• Phileas Fox

Raising bilingual children

To continue from our last blog about the research into the effects of bilingualism, we have a few useful tips for all families- monolingual, bilingual or multilingual- when it comes to language learning in the early years.


1. Keep it natural. Speak to your child in your native language from birth and stick with it as much as you can, especially if you live in a foreign country. Make sure that your child sees you speaking in your language to friends and family, reading, watching films and listening to music in that language. That way your child will feel a closer connection to the language through the parent, as it is a natural part of them.


2. Keep it fun. Children learn through play, and language should be integrated into it. Do role-play, games, puzzle, stories, songs in the language your child is learning, making sure they are really engaged and are enjoying themselves. If it becomes a chore, children will see it in a negative light and it will require a lot more effort and motivation.


3. Keep it necessary. As one language becomes slightly more dominant, make sure to expose your child to situations where they have no choice but to use the other language. The easiest way is to socialise with the grandparents, family, and friends who only speak that one language. Your child will find a way to communicate with them and in return, they can help build up the vocabulary that the child is lacking.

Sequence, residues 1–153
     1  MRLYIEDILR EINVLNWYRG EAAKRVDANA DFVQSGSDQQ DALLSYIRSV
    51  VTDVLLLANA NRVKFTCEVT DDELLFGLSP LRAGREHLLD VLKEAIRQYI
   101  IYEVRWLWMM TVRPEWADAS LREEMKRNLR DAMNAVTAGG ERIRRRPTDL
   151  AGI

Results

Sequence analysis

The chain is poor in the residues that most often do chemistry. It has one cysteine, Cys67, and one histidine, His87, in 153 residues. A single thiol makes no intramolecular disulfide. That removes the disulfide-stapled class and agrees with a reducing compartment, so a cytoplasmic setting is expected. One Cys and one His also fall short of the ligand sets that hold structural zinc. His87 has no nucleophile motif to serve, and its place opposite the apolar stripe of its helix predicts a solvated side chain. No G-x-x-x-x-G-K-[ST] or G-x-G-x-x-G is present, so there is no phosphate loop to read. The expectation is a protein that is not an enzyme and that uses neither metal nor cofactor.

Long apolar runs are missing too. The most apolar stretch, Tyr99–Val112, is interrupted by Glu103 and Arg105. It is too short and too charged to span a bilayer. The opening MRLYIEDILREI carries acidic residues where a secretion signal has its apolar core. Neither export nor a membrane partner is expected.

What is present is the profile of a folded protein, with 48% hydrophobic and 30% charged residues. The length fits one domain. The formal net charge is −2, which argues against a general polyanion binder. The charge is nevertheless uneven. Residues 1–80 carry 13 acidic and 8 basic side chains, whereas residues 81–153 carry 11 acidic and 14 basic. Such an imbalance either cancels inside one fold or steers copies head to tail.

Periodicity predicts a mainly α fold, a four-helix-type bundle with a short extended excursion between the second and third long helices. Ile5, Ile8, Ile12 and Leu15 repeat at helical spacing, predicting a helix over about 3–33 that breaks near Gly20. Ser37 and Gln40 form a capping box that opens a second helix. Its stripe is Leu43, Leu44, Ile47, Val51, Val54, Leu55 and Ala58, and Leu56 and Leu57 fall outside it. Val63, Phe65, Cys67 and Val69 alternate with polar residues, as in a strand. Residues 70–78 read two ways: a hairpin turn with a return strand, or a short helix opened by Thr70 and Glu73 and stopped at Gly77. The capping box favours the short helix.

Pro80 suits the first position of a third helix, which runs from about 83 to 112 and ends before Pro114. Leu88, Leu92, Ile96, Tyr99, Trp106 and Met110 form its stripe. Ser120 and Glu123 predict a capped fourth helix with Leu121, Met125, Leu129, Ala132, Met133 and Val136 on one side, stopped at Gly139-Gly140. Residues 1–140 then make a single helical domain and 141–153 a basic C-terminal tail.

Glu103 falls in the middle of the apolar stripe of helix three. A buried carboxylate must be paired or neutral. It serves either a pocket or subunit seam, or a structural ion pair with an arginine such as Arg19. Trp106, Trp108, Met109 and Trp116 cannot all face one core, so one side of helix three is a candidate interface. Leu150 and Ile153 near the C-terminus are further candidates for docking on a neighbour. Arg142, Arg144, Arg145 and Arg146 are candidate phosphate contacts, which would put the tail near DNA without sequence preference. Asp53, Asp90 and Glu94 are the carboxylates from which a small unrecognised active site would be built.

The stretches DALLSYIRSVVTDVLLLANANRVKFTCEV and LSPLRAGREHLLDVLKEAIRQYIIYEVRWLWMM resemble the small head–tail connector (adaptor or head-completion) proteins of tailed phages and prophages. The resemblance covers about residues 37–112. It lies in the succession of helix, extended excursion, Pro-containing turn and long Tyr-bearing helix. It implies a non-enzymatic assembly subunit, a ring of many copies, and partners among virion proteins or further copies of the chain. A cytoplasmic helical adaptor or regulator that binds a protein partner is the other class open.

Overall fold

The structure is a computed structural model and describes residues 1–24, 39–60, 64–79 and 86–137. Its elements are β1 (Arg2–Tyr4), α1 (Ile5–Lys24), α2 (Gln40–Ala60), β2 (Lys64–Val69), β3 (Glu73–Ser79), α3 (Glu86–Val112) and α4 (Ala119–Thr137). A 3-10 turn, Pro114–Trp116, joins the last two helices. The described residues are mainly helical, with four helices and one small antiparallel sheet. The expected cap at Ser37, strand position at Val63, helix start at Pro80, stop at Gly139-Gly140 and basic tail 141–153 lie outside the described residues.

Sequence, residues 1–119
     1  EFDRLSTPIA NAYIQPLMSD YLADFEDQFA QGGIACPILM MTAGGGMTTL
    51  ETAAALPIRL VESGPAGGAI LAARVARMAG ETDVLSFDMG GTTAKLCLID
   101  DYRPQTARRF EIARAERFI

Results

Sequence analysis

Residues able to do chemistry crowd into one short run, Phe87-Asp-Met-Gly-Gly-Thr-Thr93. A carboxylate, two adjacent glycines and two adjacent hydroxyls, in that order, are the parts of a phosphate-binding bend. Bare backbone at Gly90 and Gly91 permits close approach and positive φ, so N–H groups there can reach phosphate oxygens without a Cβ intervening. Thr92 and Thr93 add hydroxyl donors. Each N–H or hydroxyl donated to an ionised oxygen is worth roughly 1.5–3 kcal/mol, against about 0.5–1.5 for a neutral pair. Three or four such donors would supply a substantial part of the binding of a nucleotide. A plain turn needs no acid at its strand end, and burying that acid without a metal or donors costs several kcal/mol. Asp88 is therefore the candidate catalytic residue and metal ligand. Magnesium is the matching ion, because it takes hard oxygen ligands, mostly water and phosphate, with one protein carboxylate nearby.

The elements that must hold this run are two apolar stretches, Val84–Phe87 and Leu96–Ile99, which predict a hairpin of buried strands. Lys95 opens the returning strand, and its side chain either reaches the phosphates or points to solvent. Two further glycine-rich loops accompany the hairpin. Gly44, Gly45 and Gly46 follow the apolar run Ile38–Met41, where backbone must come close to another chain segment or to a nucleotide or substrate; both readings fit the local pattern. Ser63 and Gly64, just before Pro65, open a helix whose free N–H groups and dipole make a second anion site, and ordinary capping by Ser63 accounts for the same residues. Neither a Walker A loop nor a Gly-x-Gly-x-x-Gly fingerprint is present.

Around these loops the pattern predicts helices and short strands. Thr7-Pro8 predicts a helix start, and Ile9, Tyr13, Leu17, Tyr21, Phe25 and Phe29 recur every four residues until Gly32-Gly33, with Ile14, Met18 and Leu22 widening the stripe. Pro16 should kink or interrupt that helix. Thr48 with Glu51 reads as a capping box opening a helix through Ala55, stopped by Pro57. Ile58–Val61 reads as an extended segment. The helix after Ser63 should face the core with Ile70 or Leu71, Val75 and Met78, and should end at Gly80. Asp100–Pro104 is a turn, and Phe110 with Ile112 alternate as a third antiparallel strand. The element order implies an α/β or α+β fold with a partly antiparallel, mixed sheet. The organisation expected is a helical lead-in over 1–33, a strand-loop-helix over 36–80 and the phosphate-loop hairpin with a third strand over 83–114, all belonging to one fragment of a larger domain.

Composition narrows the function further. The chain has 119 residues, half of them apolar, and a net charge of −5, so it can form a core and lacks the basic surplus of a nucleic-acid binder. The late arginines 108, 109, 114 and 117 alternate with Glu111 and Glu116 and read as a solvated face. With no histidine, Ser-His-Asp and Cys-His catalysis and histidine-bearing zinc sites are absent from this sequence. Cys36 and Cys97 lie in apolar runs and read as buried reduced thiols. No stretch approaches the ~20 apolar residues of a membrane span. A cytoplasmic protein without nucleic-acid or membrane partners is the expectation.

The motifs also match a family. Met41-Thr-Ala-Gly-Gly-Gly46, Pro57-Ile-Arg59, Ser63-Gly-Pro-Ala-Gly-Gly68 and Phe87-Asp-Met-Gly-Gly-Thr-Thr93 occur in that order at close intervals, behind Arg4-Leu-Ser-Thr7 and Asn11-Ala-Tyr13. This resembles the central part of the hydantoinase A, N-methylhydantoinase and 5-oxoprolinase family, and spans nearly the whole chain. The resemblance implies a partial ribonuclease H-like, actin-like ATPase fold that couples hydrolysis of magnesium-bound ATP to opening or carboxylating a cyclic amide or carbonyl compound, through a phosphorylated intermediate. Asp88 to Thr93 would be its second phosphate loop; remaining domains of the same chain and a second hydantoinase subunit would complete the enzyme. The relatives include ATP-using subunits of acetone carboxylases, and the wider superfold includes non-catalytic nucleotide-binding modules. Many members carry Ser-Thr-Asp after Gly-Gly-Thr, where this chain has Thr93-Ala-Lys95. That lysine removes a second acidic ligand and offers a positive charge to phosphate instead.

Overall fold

4. Keep cultural elements. Speaking the language should be supplemented by the cultural elements of the country that it comes from. From singing traditional songs and telling stories, to introducing beloved cartoon characters and talking about the history, geography and any specifics of the country will keep it more interesting and fascinating for your child.


5. Keep up the exposure. Whether you are trying to teach your child a new language from scratch, or ensure that they acquire your native language in a foreign country, they will need to be exposed to it as much as possible. Ideally, you would have a combination of family and friends, learning resources, schools and classes, toys and games, books and films and of course visits to the country of that language. Choose a combination that works best for your family, and do not forget to lead by example!